cessation of use of the “offending” agricultural chemical, the institution of export inspections and the
issuance of health certificates, and the issuance of export permits only to products of registered
farms. Japanese frozen food companies have agreements with the Chinese producers to directly
control the type, quantity, and number of applications of agricultural chemicals, and to maintain
traceable production records. The suspension was lifted in February 2003, but imports resumed only
in the middle of 2004.
1
Shields and Wu Huang, “China’s Fruit and Vegetable Market.”
2
Wu Huang, S., China Increases Exports of Fresh and Frozen Vegetables to Japan.
3
Ito and Dyck, “Japan’s Fruit and Vegetable Market.”
4
Shields and Wu Huang, “China’s Fruit and Vegetable Market.”
5
Shields and Wu Huang, “China’s Fruit and Vegetable Market.”
6
JETRO Marketing Guidebook for Major Imported Products, Fresh and Frozen Vegetables.

25
4 Private Sector View on Standards

Relative priority of standards in overall trade relations


Shrimp
All participants in the supply chain have a deep concern for the topic of food safety. All
interviewees of trading companies, manufacturers, wholesalers, and retailers ranked “compliance
with food safety requirement” and “overall product quality” as the most important factors in their
trading relations with suppliers.
All companies apply the safety and other regulatory standards set by the Japanese government for
food sanitation. In some cases, supermarket chains have more stringent requirements than the Food
Sanitation Law, for example, as in the case of bacteria count. Most of the leading supermarket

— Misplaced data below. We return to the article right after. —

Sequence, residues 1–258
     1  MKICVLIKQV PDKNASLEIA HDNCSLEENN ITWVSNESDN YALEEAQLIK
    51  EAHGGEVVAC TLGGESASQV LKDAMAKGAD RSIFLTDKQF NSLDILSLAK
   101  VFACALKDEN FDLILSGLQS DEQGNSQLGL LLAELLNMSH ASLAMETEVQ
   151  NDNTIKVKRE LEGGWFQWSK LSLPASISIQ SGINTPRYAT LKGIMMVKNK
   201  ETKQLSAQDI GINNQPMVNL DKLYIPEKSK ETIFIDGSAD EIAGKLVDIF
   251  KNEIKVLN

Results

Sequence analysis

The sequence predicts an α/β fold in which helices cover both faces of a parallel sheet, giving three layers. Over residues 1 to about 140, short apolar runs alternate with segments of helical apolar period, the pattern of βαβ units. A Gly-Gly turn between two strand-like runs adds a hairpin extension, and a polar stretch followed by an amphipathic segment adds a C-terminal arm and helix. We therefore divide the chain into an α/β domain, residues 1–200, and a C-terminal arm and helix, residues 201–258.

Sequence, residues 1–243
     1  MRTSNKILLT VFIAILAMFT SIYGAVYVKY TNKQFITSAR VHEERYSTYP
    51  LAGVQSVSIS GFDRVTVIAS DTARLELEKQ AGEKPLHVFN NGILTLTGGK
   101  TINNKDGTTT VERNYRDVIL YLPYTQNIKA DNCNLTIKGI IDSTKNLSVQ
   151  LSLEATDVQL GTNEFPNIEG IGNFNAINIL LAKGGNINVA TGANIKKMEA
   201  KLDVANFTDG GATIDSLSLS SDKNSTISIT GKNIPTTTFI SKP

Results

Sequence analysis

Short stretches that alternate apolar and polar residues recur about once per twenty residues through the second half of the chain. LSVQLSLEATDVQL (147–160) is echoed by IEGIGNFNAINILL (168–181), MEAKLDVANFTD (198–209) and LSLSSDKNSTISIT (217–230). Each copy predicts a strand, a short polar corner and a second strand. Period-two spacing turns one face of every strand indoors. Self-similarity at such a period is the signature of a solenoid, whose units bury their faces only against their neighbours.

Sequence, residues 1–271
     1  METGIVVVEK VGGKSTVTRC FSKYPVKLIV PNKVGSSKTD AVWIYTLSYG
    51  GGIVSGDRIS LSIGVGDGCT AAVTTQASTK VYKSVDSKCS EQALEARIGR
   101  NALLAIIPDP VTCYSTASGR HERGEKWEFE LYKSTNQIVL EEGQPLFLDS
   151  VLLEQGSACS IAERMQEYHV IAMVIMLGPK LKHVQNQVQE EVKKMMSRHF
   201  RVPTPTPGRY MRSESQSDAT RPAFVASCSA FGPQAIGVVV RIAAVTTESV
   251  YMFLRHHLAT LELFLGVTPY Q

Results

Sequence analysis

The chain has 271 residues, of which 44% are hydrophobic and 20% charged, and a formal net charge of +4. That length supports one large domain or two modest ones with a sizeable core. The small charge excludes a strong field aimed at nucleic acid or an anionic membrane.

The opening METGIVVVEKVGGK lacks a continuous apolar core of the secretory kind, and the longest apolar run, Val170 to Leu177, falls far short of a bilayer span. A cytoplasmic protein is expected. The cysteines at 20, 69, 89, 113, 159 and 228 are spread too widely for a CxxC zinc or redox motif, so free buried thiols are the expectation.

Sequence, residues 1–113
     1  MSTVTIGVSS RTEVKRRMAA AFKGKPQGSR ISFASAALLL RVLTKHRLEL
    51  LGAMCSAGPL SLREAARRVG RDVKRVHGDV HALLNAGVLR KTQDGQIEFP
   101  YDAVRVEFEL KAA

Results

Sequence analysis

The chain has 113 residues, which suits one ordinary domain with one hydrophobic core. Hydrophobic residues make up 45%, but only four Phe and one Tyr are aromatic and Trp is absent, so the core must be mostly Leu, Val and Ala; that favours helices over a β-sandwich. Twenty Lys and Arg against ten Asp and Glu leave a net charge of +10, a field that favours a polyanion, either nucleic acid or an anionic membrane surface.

chains set a maximum bacteria count of fewer than 1,000 per gram for North Sea shrimp, which is
consumed raw, instead of the fewer than 100,000 per gram set in the Food Sanitation Law.
Besides the safety standards set by the government, retailers often set their own very detailed,
company-specific quality standards. In the case of processed (peeled tail-on) shrimp, for example,
the import is funded and ordered by a supermarket chain (figure 2). It is the supermarket chain that
sets the standards for quality and food safety, and they are applicable only to this particular contract.
Processing by the supplier must be executed strictly in line with the customer's precise requirements
regarding, for example, size grading, peeling, cutting of the muscle, stretching the shrimp, and
arranging in boxes. Otherwise, the products will be rejected. Rejected products cannot be resold to
another supermarket chain, because the specifications among the supermarket chains differ
significantly.
Wholesalers determine what the specific private standards of the restaurant and catering industry
are. They gather the great variety of specifications of numerous customers (restaurants, hotels, and
canteens), then subdivide the imported shrimp into small lots according to the specifications
required by the respective customers. The distributor (that is, the wholesaler) is performing the